But the object of her envy was not so completely at peace with himself as she supposed. Even yet his mind was in a black turmoil from his recent anger, and of late, be it said, these spells of temper had given him cause for uneasiness. Then, too, there was a lie upon his lips.
Under the stars, at the break of the arroyo, three hundred yards below the water-hole, a coyote was slinking in a wide circle around the body of Panfilo Sanchez.
AN EVENING AT LAS PALMAS
Although the lower counties of southwest Texas are flat and badly watered, they possess a rich soil. They are favored, too, by a kindly climate, subtropic in its mildness. The days are long and bright and breezy, while night brings a drenching dew that keeps the grasses green. Of late years there have been few of those distressing droughts that gave this part of the state an evil reputation, and there has been a corresponding increase in prosperity. The Rio Grande, jaundiced, erratic as an invalid, wrings its saffron blood from the clay bluffs and gravel canons of the hill country, but near its estuary winds quietly through a low coastal plain which the very impurities of that blood have richened. Here the river’s banks are smothered in thickets of huisache, ebony, mesquite, oak, and alamo.
Railroads, those vitalizing nerve-fibers of commerce, are so scarce along this division of the border that even in this day when we boast, or lament, that we no longer have a frontier, there remain in Texas sections larger than some of our Eastern states which hear the sound of iron wheels only on their boundaries. To travel from Brownsville north along the international line one must, for several hundred miles, avail oneself of horses, mules, or motor-cars, since rail transportation is almost lacking. And on his way the traveler will traverse whole counties where the houses are jacals, where English is a foreign tongue, and where peons plow their fields with crooked sticks as did the ancient Egyptians.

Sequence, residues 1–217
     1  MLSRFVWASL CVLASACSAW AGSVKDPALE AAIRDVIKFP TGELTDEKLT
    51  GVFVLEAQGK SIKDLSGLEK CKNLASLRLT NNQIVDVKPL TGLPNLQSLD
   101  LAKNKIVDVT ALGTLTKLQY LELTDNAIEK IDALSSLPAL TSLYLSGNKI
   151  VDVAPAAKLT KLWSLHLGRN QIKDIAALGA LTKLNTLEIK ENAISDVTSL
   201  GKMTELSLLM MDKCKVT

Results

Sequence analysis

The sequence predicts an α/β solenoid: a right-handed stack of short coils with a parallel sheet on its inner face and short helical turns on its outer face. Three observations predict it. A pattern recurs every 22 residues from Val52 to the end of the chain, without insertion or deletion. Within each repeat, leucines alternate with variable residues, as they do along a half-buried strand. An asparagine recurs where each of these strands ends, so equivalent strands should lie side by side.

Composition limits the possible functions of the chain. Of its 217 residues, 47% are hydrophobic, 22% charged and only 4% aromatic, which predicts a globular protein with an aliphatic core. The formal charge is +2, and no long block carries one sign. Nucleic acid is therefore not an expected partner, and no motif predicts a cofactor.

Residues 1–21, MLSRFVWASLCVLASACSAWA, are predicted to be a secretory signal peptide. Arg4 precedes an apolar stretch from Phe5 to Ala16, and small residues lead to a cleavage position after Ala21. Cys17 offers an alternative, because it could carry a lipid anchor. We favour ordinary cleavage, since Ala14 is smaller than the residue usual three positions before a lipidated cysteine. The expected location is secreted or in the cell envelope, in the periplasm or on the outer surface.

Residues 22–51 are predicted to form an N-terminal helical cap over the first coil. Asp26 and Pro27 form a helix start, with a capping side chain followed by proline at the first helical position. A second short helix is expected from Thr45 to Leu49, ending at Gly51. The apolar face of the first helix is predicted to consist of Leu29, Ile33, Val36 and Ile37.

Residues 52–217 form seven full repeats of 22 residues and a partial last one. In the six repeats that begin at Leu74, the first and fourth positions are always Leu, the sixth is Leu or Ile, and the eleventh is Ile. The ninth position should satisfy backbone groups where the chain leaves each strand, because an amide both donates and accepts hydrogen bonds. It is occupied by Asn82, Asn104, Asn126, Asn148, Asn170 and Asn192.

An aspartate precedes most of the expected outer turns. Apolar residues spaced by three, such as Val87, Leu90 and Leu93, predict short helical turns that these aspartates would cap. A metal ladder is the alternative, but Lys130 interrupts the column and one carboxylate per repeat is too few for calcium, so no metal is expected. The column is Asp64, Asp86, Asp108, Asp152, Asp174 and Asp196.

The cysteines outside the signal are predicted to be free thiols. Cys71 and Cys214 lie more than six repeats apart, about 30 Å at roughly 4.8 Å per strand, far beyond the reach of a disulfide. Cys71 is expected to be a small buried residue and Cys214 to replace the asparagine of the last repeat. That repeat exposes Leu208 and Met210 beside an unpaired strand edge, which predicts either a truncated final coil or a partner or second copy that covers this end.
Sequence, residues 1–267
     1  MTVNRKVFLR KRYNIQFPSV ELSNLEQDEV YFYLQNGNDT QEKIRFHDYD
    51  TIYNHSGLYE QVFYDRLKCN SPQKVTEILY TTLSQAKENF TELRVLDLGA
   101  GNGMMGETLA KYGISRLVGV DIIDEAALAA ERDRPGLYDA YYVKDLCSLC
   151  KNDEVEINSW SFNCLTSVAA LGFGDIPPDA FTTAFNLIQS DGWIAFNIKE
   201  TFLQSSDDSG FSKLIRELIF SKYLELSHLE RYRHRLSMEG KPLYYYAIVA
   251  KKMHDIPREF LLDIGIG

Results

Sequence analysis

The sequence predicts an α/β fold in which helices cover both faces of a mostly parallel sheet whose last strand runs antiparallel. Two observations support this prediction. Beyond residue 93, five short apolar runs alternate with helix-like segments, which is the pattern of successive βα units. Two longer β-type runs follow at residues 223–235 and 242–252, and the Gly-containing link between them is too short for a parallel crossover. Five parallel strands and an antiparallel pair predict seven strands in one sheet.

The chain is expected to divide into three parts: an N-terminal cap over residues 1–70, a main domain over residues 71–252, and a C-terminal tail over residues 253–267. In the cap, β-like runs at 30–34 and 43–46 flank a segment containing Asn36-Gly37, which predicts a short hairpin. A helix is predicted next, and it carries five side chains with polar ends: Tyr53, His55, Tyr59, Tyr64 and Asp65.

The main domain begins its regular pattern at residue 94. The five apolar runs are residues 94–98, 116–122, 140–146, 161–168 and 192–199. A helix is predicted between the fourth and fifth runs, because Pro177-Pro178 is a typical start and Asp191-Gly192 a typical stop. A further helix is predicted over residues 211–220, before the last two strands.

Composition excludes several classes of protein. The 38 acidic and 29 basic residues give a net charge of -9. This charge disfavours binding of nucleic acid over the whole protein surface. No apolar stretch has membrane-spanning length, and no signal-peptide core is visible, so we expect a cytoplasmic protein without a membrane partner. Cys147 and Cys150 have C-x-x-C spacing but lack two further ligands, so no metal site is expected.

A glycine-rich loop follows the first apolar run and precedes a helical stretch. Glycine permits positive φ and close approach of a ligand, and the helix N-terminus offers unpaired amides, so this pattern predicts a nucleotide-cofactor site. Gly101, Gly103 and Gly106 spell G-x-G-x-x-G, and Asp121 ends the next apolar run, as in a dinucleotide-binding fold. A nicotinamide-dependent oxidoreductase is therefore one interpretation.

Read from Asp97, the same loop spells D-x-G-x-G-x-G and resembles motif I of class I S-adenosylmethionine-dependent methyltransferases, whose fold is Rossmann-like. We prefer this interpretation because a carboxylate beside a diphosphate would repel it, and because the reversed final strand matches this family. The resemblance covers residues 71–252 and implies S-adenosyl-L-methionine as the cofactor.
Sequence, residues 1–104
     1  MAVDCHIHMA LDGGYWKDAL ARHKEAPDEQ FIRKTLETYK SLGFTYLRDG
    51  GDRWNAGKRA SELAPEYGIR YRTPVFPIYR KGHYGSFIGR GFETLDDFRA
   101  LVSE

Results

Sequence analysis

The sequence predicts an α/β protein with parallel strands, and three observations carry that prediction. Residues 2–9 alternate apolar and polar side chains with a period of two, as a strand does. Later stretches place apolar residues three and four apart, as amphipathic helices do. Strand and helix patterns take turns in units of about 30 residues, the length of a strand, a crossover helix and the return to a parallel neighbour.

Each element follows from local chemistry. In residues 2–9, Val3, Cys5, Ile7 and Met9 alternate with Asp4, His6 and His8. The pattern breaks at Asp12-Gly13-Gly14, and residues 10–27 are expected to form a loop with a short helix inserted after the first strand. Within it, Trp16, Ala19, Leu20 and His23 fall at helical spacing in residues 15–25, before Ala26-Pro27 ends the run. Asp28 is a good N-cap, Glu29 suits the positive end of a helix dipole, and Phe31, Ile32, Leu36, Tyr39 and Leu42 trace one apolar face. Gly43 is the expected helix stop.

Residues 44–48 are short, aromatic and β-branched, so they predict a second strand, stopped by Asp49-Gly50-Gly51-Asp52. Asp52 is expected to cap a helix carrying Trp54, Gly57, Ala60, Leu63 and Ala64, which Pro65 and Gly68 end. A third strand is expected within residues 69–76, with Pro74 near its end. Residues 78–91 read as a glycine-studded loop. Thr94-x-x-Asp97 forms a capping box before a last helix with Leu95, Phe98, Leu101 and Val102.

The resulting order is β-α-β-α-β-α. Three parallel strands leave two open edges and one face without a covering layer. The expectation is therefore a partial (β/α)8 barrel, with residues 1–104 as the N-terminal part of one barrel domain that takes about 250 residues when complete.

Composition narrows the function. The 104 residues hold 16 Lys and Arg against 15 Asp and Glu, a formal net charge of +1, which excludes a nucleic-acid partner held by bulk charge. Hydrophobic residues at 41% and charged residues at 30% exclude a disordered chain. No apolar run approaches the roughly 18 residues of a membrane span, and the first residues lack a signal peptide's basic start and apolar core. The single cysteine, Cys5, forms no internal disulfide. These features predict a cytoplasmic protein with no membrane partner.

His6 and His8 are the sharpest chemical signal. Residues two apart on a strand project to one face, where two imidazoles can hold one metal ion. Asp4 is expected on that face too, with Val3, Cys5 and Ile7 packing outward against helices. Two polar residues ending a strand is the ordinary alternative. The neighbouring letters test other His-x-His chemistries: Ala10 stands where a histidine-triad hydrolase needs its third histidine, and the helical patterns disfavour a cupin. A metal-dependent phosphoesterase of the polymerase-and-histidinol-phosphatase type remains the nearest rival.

That part of the state which lies below the Nueces River was for a time disputed territory, and long after Texans had given their lives to drive the Eagle of Mexico across the Rio Grande much of it remained a forbidden land. Even to-day it is alien. It is a part of our Southland, but a South different to any other that we have. Within it there are no blacks, and yet the whites number but one in twenty. The rest are swarthy, black-haired men who speak the Spanish tongue and whose citizenship is mostly a matter of form.
The stockmen, pushing ahead of the nesters and the tillers of the soil, were the first to invade the lower Rio Grande, and among these “Old Ed” Austin was a pioneer. Out of the unmapped prairie he had hewed a foothold, and there, among surroundings as Mexican as Mexico, he had laid the beginnings of his fortune.